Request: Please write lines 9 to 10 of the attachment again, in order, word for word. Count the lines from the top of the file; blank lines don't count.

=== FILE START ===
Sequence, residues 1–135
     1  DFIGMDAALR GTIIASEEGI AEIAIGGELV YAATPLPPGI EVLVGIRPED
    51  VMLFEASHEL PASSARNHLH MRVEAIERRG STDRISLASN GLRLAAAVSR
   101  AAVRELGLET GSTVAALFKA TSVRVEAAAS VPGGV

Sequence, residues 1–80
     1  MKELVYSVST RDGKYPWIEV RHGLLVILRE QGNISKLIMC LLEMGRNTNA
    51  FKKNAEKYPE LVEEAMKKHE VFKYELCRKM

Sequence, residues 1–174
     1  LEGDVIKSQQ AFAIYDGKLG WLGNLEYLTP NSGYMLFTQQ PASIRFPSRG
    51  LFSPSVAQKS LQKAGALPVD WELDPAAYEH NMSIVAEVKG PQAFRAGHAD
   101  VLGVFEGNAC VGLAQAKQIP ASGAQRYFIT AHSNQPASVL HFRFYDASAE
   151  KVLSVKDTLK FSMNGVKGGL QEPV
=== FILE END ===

     1  LEGDVIKSQQ AFAIYDGKLG WLGNLEYLTP NSGYMLFTQQ PASIRFPSRG
    51  LFSPSVAQKS LQKAGALPVD WELDPAAYEH NMSIVAEVKG PQAFRAGHAD